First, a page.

Ken Brady’s latest story, “Walkers of the Deep Blue Sea and Sky” appears in the Exquisite Corpuscle anthology, edited by Jay Lake and Frank Wu.

Alex Dally MacFarlane’s story “The Devonshire Arms” is available online at Clarkesworld.

Trent Walters, poetry editor at A&A, has a chapbook, Learning the Ropes, from Morpo Press.

Jason Erik Lundberg‘s fiction is forthcoming from Subterranean Magazine and Polyphony 7.

Archive for the ‘Children of the Waste’ Category

Secret Pocket

Thursday, May 1st, 2008

Warning: this story contains explicit violence towards a child. If the subject matter disturbs you, or if you just don’t feel like reading this kind of thing now, you should probably move on. Check out our archives: there’s lots of stories in there that you might like.

Limp crept into camp. He hoped to get good night’s sleep before having to face Chief. He thought of the nano in his secret pocket, enough to buy a house, and leaned on the branch he carried for balance. He’d been away for three days and he’d lost the crutch. His mother wouldn’t be happy.

“Patrice, is that you? Where have you been, you idiot boy?” Only his mother called him Patrice.

He tried to look as tired and bruised as he felt, but she came at him at full speed and slapped him before he could talk.

“You better have something for Chief, boy. He’s been looking for you everywhere and he’s not happy. What are you hiding? Where is it?”

Limp produced a couple of computer chips, a vial of penicillin and some nano. Finally, his mother was satisfied and stopped hitting him.

The boy got up and hopped to his tent, but was intercepted by Chief himself. Limp was prepared. He threw the rest of the nano at Chief’s feet. Chief looked doubtful. It was more than could be expected from three days of scavenging, but he kicked Limp a couple of times for good measure. Limp sighed and took the wad of compressed nano out of his secret pocket.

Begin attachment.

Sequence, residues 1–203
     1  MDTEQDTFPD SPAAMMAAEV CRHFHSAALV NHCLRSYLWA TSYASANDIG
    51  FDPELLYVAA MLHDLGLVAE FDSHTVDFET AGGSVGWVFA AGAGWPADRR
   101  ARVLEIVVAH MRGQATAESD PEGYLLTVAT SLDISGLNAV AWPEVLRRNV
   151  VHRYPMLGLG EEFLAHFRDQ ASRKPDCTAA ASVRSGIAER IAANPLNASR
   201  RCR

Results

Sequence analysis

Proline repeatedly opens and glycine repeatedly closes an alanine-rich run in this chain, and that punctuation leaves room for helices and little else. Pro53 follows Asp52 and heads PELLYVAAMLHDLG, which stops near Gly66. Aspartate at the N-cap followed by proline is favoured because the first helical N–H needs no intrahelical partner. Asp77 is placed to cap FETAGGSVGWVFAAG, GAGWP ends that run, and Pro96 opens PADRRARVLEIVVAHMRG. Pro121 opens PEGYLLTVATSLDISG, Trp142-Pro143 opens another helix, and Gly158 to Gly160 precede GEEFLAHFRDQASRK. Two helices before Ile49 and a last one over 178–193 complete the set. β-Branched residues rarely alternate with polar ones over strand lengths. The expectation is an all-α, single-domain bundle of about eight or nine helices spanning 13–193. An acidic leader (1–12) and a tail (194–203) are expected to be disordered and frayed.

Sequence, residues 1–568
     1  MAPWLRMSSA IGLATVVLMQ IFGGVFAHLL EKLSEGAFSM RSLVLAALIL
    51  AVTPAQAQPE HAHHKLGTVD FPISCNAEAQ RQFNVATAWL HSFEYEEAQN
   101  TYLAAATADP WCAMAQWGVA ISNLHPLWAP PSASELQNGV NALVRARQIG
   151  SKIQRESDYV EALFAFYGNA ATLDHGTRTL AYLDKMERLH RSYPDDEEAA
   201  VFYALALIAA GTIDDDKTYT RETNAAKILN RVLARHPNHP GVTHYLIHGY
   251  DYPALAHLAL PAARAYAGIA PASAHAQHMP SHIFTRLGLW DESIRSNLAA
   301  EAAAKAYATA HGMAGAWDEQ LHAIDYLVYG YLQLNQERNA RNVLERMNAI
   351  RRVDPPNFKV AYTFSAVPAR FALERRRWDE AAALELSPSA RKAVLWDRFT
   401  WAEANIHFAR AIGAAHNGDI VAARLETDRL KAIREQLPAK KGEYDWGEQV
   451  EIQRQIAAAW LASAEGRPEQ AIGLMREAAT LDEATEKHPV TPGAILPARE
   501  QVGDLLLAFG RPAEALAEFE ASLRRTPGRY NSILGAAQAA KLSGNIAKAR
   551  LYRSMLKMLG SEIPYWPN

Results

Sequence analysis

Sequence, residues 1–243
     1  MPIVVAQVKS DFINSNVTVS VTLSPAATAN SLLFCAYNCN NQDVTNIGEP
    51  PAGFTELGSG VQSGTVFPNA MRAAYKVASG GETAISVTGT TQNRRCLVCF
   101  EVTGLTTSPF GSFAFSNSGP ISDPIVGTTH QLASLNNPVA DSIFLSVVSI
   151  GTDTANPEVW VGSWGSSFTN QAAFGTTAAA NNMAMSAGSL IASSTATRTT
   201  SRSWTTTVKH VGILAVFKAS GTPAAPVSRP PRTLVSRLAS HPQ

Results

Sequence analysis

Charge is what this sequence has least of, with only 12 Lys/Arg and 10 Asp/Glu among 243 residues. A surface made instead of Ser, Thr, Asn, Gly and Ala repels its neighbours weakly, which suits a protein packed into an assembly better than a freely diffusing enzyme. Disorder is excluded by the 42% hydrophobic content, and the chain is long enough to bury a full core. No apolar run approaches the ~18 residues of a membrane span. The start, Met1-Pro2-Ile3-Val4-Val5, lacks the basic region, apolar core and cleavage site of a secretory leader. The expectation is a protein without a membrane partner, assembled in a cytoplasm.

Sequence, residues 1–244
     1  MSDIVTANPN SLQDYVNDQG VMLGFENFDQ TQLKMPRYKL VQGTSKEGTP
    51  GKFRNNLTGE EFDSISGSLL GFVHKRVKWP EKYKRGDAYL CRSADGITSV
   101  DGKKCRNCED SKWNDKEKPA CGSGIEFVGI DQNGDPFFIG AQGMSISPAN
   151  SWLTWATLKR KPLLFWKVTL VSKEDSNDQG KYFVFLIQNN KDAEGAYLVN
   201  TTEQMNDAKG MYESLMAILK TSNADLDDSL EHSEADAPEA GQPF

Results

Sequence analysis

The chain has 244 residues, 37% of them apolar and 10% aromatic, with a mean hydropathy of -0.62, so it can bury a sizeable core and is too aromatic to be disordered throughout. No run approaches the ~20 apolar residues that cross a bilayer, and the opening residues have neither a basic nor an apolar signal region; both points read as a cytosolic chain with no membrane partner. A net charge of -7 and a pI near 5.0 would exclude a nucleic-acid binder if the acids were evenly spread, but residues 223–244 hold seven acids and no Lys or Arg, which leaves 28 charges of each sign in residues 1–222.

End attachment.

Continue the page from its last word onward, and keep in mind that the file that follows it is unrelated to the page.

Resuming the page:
“That’ll teach you to keep things from me!” Chief threw Limp a worthless chit.

Limp washed the blood off his face and examined his body for broken bones. The lead residue under his skin protected him from the worst of the sun’s radiation, but it also gave him a molted color that kept most of the bruises from showing. He blessed the missionaries for geneering his ancestors to survive in the Waste.

He thought of the skid he’d stolen from one of them. It was worth more than all the nano in Chief’s coffers and he didn’t plan on handing it over to him. It had taken two days of digging, but Limp had made sure it was buried deep.

This story is part of the Children of the Waste series. You can check out a longer story set in the same world at

Listen To The Hum

Monday, December 10th, 2007

Limp scratched at a fleabite and watched the skid approach. New Brain Malaria had given him his name and left him with little control over his facial muscles so that, even in the noon heat, he drooled precious moisture.

For a second, he hoped the skid wasn’t in-city and that he could kill the driver and keep the spoils for himself, but the glint of nanobots told him otherwise. Chief would be angry if he wasn’t offered this prize.

Yet, Limp hesitated. The Hum threatened against harming this stranger. He was caught between angering the Hum, the voice of the Gods, and Chief.

“They live under the orb that protects them from UV radiation,” he told the Hum. “Their crops have water, their children have medicine. Why should I risk my life for one of them?”

The Hum responded by dumping a barrage of information into Limp’s brain. They tabulated the geopolitical importance of the stranger and showed Limp decision algorithms, courses of action, predictions of market response and civil unrest. Limp didn’t understand any of it. That’s the way it was with the Hum, too little information or too much and no sense to any of it. He was the only person he knew who heard the Hum, but at times like this, listening to a jumbled mess, he wished the mysterious Hum would learn to use some grammar.

“They have everything and we have nothing,” he thought.

He swung from side to side, the signal to the Chief, and he felt the skin of his back tickle as the men took their positions, sitting discreetly at the only cafe of the shantytown, gambling with lamb bones on the dirt, peeing against the lone tree.

The Hum told him exactly where every one of them was. He felt his skin react to each one of the men in a different way. The trap was sprung, the visitor was as good as dead.

As the skid approached, he saw the driver’s pink eyes and wished he could undo his betrayal. The Hum would never forgive him for killing their protege.

But what was done, was done. He stayed in the same spot, muttering to himself, playing the part of malaria victim. If he did his job well, maybe Chief would let him keep some of the nano, something that would help Limp understand the Hum a little better.


For another story set in the same future, check out “Godtouched”